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Migration News Brief 5.29.20

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Migration News Brief for May 29, 2020 

A compilation of recent top articles and reports related to issues of U.S. immigration and enforcement policy and migration from Central America and Mexico (articles in English and Spanish). Please feel free to send us recommendations or requests for upcoming news briefs: lalvarez@lawg.org.

Source: Xavier Donat/Flickr



Spread of coronavirus fuels corruption in Latin America
Joshua Goodman, Associated Press, May 27, 2020
“From Argentina to Panama, a number of officials have been forced to resign as reports of fraudulent purchases of ventilators, masks and other medical supplies pile up. The thefts are driven by price-gouging from manufacturers and profiteering by politically connected middlemen who see the crisis as an opportunity for graft.”

Coronavirus: What are the numbers out of Latin America?
Jake Horton, BBC, May 27, 2020
“The first confirmed case in Latin America was identified in Brazil on 26 February, although researchers have said there are indications that there were cases there as early as January. Coronavirus has since spread to every country in the region. More than 750,000 cases have been recorded, and more than 40,000 people have died, according to the European Centre for Disease Control and Prevention.”

Global report: WHO says the Americas are centre of pandemic as cases surge
The Guardian, May 27, 2020
“The Americas have registered more than 2.4 million cases of the new coronavirus and more than 143,000 deaths from the resulting Covid-19 respiratory disease. Within this area, Latin America has passed Europe and the United States in daily infections”

Coronavirus ravages indigenous communities in Latin America
La Prensa Latina, May 22, 2020
“The Covid-19 pandemic is cutting a swath through indigenous communities in Latin America left vulnerable by poverty and long-standing official neglect. The novel coronavirus, which has killed more than 335,000 people worldwide, represents a particular threat to the indigenous peoples of the Amazon basin, as the health-care systems of Brazil, Colombia, Ecuador and Peru buckle under the weight of caring for so many desperately ill people.”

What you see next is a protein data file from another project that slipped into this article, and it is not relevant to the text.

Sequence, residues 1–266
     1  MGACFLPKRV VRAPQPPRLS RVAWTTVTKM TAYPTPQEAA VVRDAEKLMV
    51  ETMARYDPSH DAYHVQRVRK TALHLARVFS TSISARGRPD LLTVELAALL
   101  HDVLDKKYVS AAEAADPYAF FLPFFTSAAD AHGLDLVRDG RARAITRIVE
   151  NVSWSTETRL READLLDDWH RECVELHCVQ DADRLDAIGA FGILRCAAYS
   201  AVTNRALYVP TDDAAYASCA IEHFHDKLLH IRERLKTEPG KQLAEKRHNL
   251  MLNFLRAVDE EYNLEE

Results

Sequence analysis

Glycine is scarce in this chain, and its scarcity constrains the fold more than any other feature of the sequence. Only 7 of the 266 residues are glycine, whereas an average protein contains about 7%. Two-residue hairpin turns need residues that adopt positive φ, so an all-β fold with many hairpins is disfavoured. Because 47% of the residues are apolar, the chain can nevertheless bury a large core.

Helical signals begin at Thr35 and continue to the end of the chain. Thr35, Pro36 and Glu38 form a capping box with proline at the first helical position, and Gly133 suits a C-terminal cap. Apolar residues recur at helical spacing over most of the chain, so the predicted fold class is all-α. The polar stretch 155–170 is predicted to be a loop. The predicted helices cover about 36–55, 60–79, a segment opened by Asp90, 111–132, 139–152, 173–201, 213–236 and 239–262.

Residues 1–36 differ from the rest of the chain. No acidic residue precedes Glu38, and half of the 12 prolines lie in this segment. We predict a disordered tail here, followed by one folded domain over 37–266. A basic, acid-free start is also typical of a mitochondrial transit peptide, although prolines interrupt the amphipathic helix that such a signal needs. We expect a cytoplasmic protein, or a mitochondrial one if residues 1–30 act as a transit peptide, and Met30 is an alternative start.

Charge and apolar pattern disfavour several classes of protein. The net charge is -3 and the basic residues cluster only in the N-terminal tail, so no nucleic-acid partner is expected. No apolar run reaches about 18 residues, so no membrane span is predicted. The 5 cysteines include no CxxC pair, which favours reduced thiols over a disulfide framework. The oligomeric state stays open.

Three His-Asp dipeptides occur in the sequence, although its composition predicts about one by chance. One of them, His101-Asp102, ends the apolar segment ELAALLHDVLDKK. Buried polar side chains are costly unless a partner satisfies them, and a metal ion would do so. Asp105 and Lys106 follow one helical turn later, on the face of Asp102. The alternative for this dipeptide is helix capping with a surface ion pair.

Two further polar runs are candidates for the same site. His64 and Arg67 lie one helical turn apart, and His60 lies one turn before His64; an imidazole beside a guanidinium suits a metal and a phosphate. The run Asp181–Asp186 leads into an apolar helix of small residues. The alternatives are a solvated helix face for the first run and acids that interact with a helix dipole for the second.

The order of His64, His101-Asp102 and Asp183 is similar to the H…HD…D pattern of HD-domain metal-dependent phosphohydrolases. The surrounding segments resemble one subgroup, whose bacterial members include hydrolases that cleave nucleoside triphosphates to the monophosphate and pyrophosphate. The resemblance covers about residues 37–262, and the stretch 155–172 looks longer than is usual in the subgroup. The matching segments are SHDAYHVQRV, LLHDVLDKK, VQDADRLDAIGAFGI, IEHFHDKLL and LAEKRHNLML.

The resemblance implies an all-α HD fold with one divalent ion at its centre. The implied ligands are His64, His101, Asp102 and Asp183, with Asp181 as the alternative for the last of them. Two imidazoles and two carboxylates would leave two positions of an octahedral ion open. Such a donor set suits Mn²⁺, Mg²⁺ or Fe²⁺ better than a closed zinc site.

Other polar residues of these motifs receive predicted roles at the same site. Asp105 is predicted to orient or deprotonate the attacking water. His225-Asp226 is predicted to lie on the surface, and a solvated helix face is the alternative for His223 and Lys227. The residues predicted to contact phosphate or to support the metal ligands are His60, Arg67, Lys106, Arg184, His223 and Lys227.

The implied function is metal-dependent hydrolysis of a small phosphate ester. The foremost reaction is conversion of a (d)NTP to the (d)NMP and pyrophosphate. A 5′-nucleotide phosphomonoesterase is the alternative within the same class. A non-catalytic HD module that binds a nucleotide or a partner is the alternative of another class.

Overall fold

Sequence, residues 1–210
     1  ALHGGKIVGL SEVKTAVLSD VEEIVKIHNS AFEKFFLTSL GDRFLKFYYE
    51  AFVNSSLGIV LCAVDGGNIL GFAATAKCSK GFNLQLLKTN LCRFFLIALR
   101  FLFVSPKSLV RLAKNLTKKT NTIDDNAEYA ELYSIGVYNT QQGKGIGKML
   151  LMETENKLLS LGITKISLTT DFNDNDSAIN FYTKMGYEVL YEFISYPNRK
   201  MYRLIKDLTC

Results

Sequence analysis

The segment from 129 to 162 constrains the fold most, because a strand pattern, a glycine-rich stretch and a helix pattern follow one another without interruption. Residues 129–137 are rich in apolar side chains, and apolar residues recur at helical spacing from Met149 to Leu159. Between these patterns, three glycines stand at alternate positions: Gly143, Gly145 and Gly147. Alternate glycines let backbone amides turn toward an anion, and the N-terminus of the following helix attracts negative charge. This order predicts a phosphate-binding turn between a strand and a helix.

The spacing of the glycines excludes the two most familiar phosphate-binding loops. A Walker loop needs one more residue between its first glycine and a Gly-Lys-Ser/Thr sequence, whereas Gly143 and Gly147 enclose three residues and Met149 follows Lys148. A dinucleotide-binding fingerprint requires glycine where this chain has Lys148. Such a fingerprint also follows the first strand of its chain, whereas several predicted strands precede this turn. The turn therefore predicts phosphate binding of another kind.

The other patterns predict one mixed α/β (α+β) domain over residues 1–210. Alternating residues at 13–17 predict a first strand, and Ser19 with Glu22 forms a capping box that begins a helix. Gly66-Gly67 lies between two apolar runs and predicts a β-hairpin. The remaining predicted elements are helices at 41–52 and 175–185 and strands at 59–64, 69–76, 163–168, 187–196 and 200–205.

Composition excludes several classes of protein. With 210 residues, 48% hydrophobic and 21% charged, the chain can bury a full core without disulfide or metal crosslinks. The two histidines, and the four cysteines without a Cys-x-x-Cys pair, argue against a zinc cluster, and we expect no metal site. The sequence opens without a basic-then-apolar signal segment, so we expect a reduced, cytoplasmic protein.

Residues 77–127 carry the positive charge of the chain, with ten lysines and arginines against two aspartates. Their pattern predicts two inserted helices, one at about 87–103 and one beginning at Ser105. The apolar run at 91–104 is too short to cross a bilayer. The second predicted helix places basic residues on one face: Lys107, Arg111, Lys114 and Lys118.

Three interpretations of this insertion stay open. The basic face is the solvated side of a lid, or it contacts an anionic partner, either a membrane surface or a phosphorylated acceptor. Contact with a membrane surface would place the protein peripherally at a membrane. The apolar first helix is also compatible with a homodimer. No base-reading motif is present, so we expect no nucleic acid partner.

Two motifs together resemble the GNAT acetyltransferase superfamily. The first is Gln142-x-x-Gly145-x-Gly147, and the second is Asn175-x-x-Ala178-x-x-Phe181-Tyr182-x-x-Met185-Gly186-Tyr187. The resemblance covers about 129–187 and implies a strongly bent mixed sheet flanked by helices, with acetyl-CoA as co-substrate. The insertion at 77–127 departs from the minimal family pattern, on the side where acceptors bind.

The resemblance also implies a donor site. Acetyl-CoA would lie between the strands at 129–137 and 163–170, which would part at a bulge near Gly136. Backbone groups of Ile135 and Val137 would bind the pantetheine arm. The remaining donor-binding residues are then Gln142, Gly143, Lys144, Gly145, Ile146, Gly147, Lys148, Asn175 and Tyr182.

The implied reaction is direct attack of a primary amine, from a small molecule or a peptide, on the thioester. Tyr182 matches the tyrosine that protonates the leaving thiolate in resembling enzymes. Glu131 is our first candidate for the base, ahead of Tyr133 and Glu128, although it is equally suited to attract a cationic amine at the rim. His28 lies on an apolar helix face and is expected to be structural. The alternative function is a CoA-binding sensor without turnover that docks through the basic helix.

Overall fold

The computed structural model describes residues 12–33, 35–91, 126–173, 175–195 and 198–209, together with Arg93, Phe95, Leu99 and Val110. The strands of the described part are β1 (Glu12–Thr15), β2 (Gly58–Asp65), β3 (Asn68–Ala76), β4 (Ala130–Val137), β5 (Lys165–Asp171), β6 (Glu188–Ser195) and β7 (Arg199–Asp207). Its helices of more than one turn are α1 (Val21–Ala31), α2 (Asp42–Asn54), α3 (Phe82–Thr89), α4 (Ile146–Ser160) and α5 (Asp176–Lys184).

In the developing world, the coronavirus is killing far more young people
Terrence McCoy, Heloísa Traiano, The Washington Post, May 22, 2020
“As the coronavirus escalates its assault on the developing world, the victim profile is beginning to change. The young are dying of covid-19, the disease caused by the novel coronavirus, at rates unseen in wealthier countries — a development that further illustrates the unpredictable nature of the disease as it pushes into new cultural and geographic landscapes.”

Violence against women has not slowed during the pandemic
María Luz Nóchez, Valeria Guzmán, El Faro, May 22, 2020
“For some women, obeying the stay-at-home order has proved lethal, yet addressing this problem has not been a priority in El Salvador—the country which, in 2018, registered the highest levels of violence against women in the world. In the time of Covid-19, the institutions created to address violence against women have failed to take swift and effective action on behalf of victims.”

United States

Coronavirus on the border
Kevin Seiff, The Washington Post, May 27, 2020
“As Mexico’s health-care system has strained under the coronavirus, small community hospitals in Southern California, some of the poorest in the state, have been flooded with Americans who have fallen ill and crossed the border. They are retirees and dual citizens, Americans working in Mexico or visiting family there.”

Family separation returns under cover of coronavirus
Molly O’ Toole, Los Angeles Times, May 27, 2020